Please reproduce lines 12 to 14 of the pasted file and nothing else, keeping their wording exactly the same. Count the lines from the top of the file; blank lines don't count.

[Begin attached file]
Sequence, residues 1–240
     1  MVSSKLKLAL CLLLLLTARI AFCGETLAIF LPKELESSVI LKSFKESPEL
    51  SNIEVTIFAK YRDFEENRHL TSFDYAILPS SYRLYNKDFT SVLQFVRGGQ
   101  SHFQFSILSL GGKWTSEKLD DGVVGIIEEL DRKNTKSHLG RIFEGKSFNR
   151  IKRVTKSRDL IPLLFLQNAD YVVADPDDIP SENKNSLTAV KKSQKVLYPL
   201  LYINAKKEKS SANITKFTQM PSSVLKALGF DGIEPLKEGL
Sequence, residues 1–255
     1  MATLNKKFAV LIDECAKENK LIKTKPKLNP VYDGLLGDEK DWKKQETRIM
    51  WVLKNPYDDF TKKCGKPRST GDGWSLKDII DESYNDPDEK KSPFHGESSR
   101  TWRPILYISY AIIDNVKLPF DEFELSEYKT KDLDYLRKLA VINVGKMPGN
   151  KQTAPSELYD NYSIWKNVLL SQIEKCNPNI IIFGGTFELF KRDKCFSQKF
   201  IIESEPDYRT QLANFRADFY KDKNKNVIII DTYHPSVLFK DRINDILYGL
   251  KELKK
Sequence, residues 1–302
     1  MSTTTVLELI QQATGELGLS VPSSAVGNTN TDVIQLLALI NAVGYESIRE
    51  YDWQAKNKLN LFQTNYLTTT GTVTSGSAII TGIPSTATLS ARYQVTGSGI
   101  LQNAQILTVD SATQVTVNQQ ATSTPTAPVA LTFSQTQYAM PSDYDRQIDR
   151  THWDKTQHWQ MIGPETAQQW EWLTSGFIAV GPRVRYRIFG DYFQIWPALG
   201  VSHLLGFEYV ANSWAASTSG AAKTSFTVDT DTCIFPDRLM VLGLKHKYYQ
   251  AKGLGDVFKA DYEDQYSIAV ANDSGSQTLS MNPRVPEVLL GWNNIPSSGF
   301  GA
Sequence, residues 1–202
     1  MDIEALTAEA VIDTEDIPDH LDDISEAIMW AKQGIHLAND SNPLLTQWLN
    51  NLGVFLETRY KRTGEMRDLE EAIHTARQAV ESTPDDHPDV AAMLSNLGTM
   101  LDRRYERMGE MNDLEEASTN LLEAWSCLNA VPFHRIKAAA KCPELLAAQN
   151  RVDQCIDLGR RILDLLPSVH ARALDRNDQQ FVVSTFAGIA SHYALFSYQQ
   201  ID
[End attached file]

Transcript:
   201  IIESEPDYRT QLANFRADFY KDKNKNVIII DTYHPSVLFK DRINDILYGL
   251  KELKK
Sequence, residues 1–302